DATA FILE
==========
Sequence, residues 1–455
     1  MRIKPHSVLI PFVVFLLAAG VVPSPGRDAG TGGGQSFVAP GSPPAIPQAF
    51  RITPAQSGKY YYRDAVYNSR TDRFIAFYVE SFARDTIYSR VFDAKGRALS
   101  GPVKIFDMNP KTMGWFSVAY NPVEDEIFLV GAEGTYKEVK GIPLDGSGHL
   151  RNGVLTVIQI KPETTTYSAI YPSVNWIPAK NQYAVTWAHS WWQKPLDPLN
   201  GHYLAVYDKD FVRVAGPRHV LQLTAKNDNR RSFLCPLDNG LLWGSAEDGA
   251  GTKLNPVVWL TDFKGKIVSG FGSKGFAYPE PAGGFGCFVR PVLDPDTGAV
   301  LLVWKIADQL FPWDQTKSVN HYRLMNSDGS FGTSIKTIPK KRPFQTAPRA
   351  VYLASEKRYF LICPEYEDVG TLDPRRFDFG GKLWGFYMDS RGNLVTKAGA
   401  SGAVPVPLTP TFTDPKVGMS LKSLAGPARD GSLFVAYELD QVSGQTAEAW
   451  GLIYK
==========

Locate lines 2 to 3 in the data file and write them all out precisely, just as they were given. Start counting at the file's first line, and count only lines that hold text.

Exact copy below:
     1  MRIKPHSVLI PFVVFLLAAG VVPSPGRDAG TGGGQSFVAP GSPPAIPQAF
    51  RITPAQSGKY YYRDAVYNSR TDRFIAFYVE SFARDTIYSR VFDAKGRALS